At Vernon IB World School, the Estuary Partnership worked with the community to improve the schoolyard by removing more than 1000 square feet of pavement, adding trees and seating, and transforming a courtyard into an outdoor classroom that infiltrates polluted runoff.
Vernon School in Northeast Portland offered students very limited green space to play and almost no shade on its largely paved playground.
In 2016, the Estuary Partnership began a project to transform this schoolyard.
Kindergarten and 1st grade students helped out planting large trees in the depaved squares to add shade to the playground and create new habitat areas for birds and other species.
Partners from Open Architecture PDX and Turner Construction helped pro bono by designing and building a series of benches, so teachers and students have a place to rest. The six benches are a series of polygons (triangle, square, pentagon, hexagon, heptagon, and octagon) to acknowledge Vernon's status as an International Baccalaureate program.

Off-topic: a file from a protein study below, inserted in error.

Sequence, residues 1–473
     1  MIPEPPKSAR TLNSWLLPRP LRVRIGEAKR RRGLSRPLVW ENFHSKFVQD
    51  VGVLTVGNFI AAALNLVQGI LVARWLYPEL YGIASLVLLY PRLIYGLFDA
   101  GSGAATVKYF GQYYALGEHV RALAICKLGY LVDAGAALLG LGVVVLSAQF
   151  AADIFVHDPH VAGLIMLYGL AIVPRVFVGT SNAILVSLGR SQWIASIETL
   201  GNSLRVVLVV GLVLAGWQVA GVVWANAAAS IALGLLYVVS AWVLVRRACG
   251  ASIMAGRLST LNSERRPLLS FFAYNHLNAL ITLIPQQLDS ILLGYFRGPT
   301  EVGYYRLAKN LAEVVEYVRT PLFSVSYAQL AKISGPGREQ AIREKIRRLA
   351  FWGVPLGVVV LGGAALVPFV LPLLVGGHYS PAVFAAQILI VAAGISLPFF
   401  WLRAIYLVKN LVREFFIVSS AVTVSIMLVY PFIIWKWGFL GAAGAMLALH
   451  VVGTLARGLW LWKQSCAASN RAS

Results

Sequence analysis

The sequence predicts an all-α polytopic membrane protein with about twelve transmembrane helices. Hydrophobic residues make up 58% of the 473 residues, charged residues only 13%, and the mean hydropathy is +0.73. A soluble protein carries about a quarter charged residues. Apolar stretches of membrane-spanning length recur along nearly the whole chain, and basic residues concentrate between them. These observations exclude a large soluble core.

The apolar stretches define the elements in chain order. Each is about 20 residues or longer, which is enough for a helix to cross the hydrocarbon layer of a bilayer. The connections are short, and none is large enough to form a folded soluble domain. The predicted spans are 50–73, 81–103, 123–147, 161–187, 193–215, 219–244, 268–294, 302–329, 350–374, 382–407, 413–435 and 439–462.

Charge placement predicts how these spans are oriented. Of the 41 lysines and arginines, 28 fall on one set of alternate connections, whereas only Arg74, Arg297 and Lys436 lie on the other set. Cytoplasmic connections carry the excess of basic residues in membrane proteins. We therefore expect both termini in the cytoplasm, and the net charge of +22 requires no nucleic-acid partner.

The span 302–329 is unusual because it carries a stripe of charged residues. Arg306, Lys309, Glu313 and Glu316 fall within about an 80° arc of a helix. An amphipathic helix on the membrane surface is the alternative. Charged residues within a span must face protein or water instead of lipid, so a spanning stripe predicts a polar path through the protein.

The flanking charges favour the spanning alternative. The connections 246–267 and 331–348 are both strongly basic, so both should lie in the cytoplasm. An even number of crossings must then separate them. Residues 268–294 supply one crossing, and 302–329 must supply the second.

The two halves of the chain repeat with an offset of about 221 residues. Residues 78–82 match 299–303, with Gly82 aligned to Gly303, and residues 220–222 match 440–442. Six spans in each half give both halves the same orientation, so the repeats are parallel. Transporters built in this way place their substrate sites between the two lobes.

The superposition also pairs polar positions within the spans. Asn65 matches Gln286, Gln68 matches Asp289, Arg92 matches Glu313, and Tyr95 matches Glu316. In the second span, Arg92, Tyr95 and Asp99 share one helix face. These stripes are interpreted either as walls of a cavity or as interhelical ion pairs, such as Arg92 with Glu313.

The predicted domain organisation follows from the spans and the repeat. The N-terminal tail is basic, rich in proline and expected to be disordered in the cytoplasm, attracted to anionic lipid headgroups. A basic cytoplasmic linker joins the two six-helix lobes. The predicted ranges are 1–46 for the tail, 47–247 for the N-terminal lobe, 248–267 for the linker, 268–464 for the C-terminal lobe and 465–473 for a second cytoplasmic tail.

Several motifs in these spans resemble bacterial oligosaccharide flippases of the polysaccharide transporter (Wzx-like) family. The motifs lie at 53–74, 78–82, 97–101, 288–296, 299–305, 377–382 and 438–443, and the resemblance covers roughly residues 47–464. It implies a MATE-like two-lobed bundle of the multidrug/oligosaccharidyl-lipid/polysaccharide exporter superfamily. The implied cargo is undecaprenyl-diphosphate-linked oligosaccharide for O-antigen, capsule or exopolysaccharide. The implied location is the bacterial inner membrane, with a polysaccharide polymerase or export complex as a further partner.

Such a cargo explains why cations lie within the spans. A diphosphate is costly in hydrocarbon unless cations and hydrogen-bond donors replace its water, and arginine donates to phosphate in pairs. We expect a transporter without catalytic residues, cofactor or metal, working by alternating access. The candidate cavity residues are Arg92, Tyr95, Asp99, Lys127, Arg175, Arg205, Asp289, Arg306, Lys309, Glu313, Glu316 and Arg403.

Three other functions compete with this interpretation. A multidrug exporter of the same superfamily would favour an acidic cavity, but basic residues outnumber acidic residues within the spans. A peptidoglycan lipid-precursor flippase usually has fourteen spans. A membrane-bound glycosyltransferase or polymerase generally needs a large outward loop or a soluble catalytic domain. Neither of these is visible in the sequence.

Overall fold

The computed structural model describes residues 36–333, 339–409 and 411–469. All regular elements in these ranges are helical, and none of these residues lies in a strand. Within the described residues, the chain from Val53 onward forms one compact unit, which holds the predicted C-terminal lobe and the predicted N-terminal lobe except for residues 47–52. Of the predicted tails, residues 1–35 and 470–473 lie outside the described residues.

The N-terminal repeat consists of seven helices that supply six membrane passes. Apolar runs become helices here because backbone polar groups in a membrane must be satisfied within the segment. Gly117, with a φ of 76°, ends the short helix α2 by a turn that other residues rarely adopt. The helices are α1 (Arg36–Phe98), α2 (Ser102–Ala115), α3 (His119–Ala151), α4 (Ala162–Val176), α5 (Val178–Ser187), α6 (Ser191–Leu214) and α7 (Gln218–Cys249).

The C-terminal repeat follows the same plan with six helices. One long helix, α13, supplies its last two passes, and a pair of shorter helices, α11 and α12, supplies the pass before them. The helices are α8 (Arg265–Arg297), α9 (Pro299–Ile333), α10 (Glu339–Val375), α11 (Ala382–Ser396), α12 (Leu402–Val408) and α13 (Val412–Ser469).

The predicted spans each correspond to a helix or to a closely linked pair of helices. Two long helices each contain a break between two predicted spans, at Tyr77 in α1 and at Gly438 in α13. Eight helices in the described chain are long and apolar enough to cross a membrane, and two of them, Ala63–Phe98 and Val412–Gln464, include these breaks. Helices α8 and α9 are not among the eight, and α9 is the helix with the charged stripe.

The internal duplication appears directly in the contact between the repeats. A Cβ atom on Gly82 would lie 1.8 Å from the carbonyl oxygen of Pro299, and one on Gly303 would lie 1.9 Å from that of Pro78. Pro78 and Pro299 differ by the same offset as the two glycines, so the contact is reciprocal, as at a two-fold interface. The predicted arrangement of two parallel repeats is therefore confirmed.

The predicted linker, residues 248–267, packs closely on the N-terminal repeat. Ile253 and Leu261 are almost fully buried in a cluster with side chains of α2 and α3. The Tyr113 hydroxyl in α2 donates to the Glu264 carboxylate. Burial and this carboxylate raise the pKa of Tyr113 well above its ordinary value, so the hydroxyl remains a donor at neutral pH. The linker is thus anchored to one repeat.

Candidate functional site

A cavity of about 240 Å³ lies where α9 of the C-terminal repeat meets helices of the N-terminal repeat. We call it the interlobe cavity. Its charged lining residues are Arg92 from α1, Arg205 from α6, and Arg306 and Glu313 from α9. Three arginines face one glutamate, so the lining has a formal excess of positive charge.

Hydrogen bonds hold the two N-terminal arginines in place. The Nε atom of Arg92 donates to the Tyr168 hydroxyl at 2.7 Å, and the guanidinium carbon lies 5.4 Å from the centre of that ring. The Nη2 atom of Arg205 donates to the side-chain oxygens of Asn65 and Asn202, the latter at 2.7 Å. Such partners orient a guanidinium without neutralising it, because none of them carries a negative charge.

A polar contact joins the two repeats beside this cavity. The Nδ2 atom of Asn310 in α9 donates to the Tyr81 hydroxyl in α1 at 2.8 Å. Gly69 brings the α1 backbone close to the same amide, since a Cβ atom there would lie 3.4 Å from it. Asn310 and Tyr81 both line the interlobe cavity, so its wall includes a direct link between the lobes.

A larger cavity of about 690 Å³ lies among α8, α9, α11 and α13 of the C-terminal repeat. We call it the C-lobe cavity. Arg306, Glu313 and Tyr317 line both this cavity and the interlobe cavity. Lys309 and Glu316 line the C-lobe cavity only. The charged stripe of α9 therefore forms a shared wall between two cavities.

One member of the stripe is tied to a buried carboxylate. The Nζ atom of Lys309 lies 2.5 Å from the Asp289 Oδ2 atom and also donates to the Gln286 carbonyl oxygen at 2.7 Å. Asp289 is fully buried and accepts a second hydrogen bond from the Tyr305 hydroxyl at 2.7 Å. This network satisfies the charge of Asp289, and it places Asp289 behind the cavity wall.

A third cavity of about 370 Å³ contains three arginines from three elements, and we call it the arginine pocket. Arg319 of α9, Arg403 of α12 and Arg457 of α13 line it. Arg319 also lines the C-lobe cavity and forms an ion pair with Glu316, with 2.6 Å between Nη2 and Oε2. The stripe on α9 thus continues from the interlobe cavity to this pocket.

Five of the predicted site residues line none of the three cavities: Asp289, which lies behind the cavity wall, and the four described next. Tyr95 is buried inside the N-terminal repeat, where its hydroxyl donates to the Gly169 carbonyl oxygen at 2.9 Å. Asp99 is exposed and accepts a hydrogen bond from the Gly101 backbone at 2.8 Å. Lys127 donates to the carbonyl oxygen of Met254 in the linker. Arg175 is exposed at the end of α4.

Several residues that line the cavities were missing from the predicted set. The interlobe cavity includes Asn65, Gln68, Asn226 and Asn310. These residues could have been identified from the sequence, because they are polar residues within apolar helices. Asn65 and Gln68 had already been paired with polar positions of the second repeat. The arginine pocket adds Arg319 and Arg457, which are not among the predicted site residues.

In addition, 4th grade students got a hands-on lesson on stormwater and how their schoolyard is connected to the Columbia Slough from Estuary Partnership Environmental Educators.
In 2019, we returned to make further improvements to the Vernon schoolyard.
A courtyard on the school grounds was overrun with non-native Himalayan blackberry growing through its asphalt, and so was completely unused by students or teachers. This area was previously depaved during phase 1 of the project, but had been lying unused since then.
In partnership with Learning Landscapes and Verde Builds, the Estuary Partnership created a wood chip surface with shade sails to act as an outdoor classroom - a helpful addition to the school during COVID.
Through this project, we also built two planters to filter runoff from the 2,200 square foot school roof adjacent to the area, providing a place where students can learn directly about why filtering stormwater is so important.